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By Kristina Pritchett

Inside one of the conference rooms at the Dana Point Library, a group of teenagers read stories to a handful of younger kids. The teens’ faces were full of emotion, their voices changed as they read from different characters and the kids were grinning as each page was turned.

The storytime is part of the Sunshine Readers, which was founded by one of the National Charity League mother daughter teams more than 25 years ago.

Currently, the program is at six libraries in South Orange County and helps children learn in a fun, interactive way.

“It teaches the girls diction, public speaking skills, gives them confidence and empowerment,” said Julia Johnson, founder of the program. “I want them to have power when they get in front of a crowd.”

During the Monday evening reading, she stood by and took notes as each of the girls read. She offered professional criticism and smiled as the children on the rug were engaged with the story.

“They get to become leaders, and they learn how to build kids up,” Johnson said.

But, the Sunshine Readers is just one way to make the young women leaders.

They’re part of a mother-daughter organization known as the National Charity League, Laguna Chapter.

NCL is a nonprofit organization comprised of mother and daughter members across the country who honor the maternal bond. NCL empowers young women with the skills and confidence to lead, mentor one another, and provide support to their communities.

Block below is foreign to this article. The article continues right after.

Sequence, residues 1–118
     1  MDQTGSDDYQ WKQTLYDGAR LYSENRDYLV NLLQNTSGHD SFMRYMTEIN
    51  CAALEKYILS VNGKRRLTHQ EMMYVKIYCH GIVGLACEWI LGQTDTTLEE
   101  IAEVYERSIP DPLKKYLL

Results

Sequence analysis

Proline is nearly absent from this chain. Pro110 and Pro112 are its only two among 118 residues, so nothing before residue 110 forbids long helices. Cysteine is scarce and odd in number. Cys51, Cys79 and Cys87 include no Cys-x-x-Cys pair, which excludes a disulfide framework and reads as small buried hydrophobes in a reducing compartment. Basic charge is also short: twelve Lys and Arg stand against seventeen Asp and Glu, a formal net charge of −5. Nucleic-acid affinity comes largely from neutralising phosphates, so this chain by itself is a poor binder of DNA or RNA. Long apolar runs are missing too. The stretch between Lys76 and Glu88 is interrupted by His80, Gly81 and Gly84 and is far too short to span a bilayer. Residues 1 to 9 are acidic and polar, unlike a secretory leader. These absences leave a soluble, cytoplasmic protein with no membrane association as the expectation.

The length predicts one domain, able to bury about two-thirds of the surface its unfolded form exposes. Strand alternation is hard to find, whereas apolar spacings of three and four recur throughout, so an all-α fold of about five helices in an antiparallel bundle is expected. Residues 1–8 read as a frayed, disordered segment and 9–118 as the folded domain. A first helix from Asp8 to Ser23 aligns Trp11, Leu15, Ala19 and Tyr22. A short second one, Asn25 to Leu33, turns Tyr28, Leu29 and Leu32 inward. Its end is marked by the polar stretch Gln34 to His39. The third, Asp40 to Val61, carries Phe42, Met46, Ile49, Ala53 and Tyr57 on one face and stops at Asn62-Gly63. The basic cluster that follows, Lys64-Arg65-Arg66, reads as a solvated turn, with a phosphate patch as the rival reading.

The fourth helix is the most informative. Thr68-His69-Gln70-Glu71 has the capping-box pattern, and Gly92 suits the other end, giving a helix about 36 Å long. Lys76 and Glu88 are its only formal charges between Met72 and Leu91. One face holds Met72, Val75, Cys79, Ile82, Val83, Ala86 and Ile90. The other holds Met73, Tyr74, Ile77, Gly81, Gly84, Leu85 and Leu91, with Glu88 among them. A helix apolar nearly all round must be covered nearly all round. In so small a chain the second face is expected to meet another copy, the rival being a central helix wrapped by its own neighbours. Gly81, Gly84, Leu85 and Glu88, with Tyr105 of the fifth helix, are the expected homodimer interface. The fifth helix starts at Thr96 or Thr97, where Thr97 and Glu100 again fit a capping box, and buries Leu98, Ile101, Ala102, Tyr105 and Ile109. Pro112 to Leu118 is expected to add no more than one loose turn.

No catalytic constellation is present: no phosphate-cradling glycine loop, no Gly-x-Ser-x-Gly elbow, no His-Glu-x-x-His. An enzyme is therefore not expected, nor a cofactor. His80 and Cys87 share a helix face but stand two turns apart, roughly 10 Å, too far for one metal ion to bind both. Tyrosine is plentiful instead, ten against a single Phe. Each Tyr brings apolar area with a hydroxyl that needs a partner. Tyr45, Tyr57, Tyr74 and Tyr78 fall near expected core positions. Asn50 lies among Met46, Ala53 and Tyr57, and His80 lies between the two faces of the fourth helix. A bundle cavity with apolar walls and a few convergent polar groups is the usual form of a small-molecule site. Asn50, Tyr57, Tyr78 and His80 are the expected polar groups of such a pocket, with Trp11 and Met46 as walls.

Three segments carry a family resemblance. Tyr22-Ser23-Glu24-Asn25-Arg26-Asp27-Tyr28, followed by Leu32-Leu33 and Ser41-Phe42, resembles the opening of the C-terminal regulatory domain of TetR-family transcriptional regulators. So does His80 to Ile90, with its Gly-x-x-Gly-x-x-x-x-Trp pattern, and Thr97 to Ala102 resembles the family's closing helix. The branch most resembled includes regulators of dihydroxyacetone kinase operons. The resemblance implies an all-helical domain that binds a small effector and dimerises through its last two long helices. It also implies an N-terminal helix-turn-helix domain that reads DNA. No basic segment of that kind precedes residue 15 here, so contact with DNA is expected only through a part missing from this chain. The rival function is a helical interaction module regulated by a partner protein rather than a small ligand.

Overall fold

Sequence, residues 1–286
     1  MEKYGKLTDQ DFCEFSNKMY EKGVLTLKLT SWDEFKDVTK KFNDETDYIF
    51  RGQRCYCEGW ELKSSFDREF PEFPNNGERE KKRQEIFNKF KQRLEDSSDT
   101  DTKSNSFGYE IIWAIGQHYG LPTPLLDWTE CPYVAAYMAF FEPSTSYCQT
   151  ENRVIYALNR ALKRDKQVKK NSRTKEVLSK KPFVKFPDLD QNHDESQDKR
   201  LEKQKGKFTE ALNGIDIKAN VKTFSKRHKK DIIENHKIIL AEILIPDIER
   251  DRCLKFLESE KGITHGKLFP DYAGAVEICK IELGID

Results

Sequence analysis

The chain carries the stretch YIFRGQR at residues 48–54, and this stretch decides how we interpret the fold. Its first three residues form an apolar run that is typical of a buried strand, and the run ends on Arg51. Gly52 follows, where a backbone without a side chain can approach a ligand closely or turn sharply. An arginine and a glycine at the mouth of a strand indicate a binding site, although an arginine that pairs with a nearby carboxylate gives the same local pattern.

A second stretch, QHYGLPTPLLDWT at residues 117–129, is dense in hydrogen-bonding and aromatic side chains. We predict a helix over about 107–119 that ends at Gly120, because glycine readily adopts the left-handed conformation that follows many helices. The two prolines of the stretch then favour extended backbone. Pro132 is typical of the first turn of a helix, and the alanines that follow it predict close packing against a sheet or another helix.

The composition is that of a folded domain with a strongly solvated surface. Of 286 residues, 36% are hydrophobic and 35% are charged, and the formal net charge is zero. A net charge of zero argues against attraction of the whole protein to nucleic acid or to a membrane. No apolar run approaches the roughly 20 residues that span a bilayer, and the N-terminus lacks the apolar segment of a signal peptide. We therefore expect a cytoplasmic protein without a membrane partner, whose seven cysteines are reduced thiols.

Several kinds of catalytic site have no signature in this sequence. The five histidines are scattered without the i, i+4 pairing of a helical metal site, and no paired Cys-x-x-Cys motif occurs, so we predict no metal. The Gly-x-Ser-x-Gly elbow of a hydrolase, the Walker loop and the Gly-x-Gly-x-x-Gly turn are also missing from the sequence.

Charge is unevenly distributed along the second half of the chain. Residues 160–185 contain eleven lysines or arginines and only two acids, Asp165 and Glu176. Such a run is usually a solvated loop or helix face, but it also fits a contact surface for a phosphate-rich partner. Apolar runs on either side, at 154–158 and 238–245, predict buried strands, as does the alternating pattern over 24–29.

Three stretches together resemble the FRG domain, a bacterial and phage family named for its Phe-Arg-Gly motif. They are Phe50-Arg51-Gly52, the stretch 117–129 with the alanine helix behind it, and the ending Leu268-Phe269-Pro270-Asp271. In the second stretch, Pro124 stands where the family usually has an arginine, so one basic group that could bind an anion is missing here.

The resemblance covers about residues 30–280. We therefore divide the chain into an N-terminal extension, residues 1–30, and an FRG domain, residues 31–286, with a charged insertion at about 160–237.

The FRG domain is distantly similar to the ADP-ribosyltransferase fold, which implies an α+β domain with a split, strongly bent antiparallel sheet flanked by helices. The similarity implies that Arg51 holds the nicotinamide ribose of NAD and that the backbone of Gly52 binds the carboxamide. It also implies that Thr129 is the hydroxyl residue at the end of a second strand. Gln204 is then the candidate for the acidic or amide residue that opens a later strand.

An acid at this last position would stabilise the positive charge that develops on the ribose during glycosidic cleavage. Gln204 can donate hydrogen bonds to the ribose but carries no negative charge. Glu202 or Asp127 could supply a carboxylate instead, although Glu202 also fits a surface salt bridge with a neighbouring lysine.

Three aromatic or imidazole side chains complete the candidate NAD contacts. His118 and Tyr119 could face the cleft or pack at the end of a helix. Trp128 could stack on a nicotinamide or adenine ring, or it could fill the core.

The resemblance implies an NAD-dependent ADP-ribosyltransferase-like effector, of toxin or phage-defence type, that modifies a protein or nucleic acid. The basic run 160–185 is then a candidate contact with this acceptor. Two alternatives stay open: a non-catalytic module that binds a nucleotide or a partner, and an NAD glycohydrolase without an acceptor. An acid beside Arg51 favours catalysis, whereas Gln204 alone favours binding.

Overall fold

“The focus is to honor the mother-daughter bond,” said Chapter President Kelly Redden. “It’s special time with our daughters by serving the community.”

Not only do they serve the community and gain leadership skills, they learn about cultural experiences.

The girls are eligible to join NCL when they’re entering seventh grade, and continue until they are seniors in high school.

The Laguna chapter works with more than 20 different South Orange County organizations including the Ocean Institute, Family Assistance Ministries, the Shea Center and more. Redden said as the girls grow and mature, they’re able to work with different philanthropies, and they’re able to create their own if they see a specific need in the community.

One of the chapter’s moms said she wanted to join an organization dedicated to mother-daughter teams and community service.

“We’re all doers. We like to get involved and give back to the community,” Tori Cleary said about the group. “We also place value on teaching our kids the importance of giving back.”

For the older girls that have been volunteering for six years with a handful of organizations said it’s been an eye opening experience.

“The term OC bubble comes up a lot,” Kate Redden said. “It’s kind of like we’re in this very sheltered place, we’re in a very affluent place where not a lot of bad things happen. It’s a very comfortable lifestyle which I’m thankful for, and we don’t have to face some of the violence that other places do. Until I joined NCL, I didn’t see how many people in our community still need help despite the stereotype.”